It took 16 years, but the Gilmore Girls writers have at last braved a big truth that needed telling: Rory Gilmore is a terrible, terrible human.
Finally, the reluctant poster child of white privilege — the girl who had everything handed to her on a shiny golden platter — was dealt a dilemma consuming enough to bring her universe crashing down.
The real world.
Rory’s belated quarter-life crisis is strangely satisfying to watch. She was never equipped for life after college. Throughout the series, her doting family and medicated townsfolk hailed her as an infallible angel, praising her smallest achievements.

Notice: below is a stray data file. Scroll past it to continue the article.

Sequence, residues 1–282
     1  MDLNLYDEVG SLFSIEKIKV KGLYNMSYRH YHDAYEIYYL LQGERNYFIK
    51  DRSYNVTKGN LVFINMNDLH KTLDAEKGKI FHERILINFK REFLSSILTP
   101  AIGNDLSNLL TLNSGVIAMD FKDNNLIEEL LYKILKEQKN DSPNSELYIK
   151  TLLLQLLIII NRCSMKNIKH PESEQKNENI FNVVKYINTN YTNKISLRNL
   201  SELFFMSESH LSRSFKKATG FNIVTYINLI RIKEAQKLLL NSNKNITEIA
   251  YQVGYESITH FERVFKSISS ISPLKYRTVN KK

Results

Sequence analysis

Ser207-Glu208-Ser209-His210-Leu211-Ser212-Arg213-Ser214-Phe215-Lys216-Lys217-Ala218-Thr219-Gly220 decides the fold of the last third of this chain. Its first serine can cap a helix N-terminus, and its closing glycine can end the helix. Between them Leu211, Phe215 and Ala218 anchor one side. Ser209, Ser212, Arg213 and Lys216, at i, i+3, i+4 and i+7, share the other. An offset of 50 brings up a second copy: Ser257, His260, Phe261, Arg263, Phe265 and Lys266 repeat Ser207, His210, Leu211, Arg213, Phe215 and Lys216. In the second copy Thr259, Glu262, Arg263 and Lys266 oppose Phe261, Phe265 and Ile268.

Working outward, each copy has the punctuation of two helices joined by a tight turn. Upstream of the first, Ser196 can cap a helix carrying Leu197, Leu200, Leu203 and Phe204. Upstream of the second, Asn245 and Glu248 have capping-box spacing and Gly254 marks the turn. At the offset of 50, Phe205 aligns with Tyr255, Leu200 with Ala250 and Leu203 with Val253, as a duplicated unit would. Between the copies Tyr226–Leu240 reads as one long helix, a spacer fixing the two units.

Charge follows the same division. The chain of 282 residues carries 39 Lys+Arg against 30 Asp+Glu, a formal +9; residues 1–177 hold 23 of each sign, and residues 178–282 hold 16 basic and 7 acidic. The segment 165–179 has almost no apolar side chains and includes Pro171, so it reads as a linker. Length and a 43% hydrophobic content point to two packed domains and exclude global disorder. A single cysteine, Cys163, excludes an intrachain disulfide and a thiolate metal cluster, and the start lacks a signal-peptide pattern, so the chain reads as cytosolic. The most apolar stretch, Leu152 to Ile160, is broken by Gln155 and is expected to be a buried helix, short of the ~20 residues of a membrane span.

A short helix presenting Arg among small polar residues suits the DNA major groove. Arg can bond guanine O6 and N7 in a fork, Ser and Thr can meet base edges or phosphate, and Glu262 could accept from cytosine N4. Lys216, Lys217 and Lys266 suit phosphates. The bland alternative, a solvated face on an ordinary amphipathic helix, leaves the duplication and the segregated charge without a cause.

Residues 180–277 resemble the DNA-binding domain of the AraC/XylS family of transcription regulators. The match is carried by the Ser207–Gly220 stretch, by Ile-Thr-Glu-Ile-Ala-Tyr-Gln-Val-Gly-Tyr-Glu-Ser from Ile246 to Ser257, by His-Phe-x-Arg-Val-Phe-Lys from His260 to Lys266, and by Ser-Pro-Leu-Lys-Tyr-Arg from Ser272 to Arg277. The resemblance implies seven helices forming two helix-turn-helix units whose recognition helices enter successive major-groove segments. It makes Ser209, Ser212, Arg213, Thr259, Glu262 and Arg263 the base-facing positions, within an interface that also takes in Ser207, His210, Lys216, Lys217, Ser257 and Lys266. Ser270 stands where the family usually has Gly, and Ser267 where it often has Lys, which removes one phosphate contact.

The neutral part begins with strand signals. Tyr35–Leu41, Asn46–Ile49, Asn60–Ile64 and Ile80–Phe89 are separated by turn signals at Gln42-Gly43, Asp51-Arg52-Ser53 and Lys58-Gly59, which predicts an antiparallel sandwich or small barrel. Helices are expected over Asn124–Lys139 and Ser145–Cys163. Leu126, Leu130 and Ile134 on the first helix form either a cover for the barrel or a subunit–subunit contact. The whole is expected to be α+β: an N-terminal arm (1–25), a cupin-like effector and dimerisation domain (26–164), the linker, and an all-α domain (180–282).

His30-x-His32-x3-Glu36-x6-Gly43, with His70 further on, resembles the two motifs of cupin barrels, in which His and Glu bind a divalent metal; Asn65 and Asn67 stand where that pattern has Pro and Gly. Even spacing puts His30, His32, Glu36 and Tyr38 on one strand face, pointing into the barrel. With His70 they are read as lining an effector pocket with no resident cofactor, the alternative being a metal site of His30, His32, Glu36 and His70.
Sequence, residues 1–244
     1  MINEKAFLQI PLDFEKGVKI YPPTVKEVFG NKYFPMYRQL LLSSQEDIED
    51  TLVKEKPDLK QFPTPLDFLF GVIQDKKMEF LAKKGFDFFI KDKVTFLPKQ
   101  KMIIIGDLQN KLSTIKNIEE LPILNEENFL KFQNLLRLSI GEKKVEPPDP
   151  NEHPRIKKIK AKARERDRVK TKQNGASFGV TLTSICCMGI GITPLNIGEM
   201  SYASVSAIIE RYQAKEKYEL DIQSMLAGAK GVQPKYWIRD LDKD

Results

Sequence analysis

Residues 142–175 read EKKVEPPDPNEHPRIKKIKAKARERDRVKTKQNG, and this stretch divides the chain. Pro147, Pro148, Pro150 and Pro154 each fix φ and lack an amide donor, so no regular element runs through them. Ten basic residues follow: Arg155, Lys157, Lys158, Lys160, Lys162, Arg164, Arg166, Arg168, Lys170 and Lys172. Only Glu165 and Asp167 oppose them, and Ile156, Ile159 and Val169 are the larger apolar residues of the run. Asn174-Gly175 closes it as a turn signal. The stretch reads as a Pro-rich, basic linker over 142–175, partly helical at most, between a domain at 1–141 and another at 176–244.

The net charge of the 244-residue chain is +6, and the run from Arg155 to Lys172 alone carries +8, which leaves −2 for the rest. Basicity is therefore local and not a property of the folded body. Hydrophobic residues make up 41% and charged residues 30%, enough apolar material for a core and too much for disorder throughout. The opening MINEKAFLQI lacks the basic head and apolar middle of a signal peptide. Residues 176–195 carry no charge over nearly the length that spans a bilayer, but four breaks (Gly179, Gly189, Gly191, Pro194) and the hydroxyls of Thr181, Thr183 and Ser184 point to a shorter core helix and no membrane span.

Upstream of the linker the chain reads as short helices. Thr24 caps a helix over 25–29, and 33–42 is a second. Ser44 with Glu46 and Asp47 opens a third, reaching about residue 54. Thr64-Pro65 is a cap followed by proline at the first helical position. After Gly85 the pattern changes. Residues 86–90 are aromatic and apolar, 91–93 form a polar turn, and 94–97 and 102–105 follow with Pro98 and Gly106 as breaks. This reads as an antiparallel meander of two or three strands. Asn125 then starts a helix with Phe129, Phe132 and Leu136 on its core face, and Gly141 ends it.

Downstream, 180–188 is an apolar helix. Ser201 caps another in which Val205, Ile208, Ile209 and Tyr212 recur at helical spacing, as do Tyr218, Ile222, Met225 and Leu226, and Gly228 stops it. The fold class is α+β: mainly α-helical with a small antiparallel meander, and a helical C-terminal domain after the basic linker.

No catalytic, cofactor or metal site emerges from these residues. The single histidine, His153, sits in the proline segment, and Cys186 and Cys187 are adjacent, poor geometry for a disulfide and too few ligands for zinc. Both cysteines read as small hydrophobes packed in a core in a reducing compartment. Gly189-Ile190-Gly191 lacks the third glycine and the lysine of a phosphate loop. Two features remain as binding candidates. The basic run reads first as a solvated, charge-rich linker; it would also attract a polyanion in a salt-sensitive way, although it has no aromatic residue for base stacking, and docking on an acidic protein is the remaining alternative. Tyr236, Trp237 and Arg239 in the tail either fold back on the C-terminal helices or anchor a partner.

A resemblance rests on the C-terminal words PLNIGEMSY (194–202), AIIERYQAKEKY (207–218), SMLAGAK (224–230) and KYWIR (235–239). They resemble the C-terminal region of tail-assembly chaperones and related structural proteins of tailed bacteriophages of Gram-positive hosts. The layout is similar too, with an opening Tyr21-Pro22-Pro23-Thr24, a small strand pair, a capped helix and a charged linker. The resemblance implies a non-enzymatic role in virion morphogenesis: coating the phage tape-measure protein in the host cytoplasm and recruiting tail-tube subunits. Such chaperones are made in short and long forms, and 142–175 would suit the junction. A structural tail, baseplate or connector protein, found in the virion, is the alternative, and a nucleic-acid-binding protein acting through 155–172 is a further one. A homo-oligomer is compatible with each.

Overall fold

She coasted through young adult life, her expensive education, car and rent all paid for, never once flipping burgers or folding clothes like the rest of us did.
But despite a frustrating lack of maturity, Rory was always presented in a positive light, assumed by all to achieve great things.
Gilmore Girls always made me hyper-aware of the incredible wealth and privilege of the Gilmore family.